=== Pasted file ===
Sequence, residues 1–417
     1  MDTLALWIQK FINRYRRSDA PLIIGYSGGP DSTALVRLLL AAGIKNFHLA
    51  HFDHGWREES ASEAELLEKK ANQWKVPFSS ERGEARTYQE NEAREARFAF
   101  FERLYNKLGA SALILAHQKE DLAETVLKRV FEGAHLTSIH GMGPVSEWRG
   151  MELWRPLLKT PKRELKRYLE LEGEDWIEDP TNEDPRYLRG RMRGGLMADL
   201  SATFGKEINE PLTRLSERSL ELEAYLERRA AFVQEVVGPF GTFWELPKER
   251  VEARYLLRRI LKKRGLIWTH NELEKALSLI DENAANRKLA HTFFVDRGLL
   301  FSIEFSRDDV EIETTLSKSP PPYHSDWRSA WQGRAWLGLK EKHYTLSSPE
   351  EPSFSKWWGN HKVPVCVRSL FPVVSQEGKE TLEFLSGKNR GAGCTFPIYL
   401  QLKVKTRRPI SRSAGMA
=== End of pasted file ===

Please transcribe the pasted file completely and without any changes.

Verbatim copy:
Sequence, residues 1–417
     1  MDTLALWIQK FINRYRRSDA PLIIGYSGGP DSTALVRLLL AAGIKNFHLA
    51  HFDHGWREES ASEAELLEKK ANQWKVPFSS ERGEARTYQE NEAREARFAF
   101  FERLYNKLGA SALILAHQKE DLAETVLKRV FEGAHLTSIH GMGPVSEWRG
   151  MELWRPLLKT PKRELKRYLE LEGEDWIEDP TNEDPRYLRG RMRGGLMADL
   201  SATFGKEINE PLTRLSERSL ELEAYLERRA AFVQEVVGPF GTFWELPKER
   251  VEARYLLRRI LKKRGLIWTH NELEKALSLI DENAANRKLA HTFFVDRGLL
   301  FSIEFSRDDV EIETTLSKSP PPYHSDWRSA WQGRAWLGLK EKHYTLSSPE
   351  EPSFSKWWGN HKVPVCVRSL FPVVSQEGKE TLEFLSGKNR GAGCTFPIYL
   401  QLKVKTRRPI SRSAGMA